Surrey FA is pleased to be part of a new mental health champions scheme launched by The FA, to provide advice and support to grassroots match officials across the County.
The launch in Surrey comes during Mental Health Awareness Week (10-16 May), with emphasis being placed on stepping up the fight for mental health.
The transformative scheme, believed to be the first of its kind for grassroots match officials in any sport, aims to create an open environment so that everyone involved in the refereeing community in Surrey can talk openly about mental health and be supported.
As a founding signatory of the Mental Health Charter for Sport and Recreation and the Heads Up Mentally Healthy Football Declaration, The FA has worked closely with Mind to co-design the mental health champion role to help tackle the stigma of mental health within refereeing.
As part of the scheme, our volunteer Martin Etheridge from within the grassroots refereeing community will champion the importance of mental wellbeing, encourage conversation and act as points of contact for any match officials aged 18 or over experiencing mental health problems, helping to signpost towards professional support services if required.
19 County FAs now have a refereeing mental health champion in place and the intention is to expand the scheme nationally during 2021.
Richard Glynne-Jones, FA National Referee Manager said: "The mental health and wellbeing of people is more important now than ever, and The FA is committed to putting important steps in place to support our grassroots match officials. This scheme will help create a culture that promotes positive mental health amongst our refereeing community, encouraging honest and open conversations and breaking down the historic stigmas to inspire positive change. We are grateful for the support of Surrey FA in driving the scheme forward and we look forward to working with other County FAs on this over the course of the year.”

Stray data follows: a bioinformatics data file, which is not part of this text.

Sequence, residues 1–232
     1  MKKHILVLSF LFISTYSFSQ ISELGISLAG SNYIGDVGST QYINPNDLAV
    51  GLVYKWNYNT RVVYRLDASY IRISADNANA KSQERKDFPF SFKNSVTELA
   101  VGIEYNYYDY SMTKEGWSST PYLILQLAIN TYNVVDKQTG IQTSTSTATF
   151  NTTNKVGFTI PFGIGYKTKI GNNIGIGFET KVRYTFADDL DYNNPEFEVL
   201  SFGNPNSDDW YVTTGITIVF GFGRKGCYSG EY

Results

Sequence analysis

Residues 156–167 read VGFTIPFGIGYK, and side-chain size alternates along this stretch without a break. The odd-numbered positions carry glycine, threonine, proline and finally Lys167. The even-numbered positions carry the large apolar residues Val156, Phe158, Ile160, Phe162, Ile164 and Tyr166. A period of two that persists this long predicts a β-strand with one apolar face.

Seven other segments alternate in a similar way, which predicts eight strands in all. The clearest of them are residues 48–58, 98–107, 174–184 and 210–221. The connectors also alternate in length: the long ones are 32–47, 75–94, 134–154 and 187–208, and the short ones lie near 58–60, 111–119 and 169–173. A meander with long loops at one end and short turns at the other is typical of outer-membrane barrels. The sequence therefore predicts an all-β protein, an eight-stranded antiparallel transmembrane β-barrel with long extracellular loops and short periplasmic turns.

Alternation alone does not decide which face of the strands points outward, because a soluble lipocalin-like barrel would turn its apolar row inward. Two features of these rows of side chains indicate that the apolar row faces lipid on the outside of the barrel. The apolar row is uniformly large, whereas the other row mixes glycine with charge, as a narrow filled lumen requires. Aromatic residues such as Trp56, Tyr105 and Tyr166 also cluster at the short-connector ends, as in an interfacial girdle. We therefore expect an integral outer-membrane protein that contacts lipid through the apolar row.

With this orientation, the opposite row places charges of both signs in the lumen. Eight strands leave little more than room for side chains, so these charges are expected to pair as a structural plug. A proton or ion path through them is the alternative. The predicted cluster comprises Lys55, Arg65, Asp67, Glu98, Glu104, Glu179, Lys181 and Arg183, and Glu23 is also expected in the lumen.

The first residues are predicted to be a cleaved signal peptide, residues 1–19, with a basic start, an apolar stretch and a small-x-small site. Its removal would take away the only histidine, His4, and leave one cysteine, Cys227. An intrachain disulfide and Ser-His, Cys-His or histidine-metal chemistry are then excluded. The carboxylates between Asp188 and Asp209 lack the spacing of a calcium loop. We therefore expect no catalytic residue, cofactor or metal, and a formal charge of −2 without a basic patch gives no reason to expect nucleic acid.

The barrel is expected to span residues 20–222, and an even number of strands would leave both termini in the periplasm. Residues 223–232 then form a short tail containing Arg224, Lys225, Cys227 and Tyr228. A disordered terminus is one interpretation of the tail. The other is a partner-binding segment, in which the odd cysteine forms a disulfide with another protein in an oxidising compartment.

Hayley Jarvis, Head of Physical Activity for Mind, said: “Mental health is gaining increasing visibility in football, which is hugely encouraging. But while the mental health of fans and players is now being talked about more than ever, it’s vital that we address the wellbeing of everyone involved in the game, not least referees, who face a unique set of challenges that could affect their mental wellbeing. That’s why we’re delighted to be working with The FA, and our training partner Washington Mind, on this ground-breaking scheme to support the mental health of grassroots match officials across the country.”
Ashley Gumbrell, Surrey FA Education & Workforce Manager said: “The Mental health Champion scheme will be a vital part of the County FA’s wider commitment to supporting its stakeholders Mental Health better than ever before. Mental health will be a continued agenda item throughout our training and development of referees in particular and we hope that with Martin’s help we will be able to keep the conversations going and increase our support networks in every club, league and referee association across the County”.
Surrey FA’s mental health champion is Martin Etheridge.
Martin is now in his 41st season as a referee. He is also a mentor and passionate about supporting officials achieve their full potential. As Director of Match Officials and Observers at the Combined Counties League he is responsible for around 200 referees and assistants. Whilst Martin is keen to focus on the many positive aspects of officiating, he recognises more needs to be done to create a supportive environment for officials both on and off the pitch. His role will be to champion the importance of mental wellbeing in the County, encourage conversation, share good practice and support individual officials who may be experiencing issues relating to their mental health.
Outside football Martin’s enthusiasm for officiating extends to various disability sports (blind and wheelchair tennis). He is also an international tennis official and this year will be his 27th Wimbledon."
If you have a mental health problem and would like to have a confidential conversation, then please first make contact with Martin at firstname.lastname@example.org.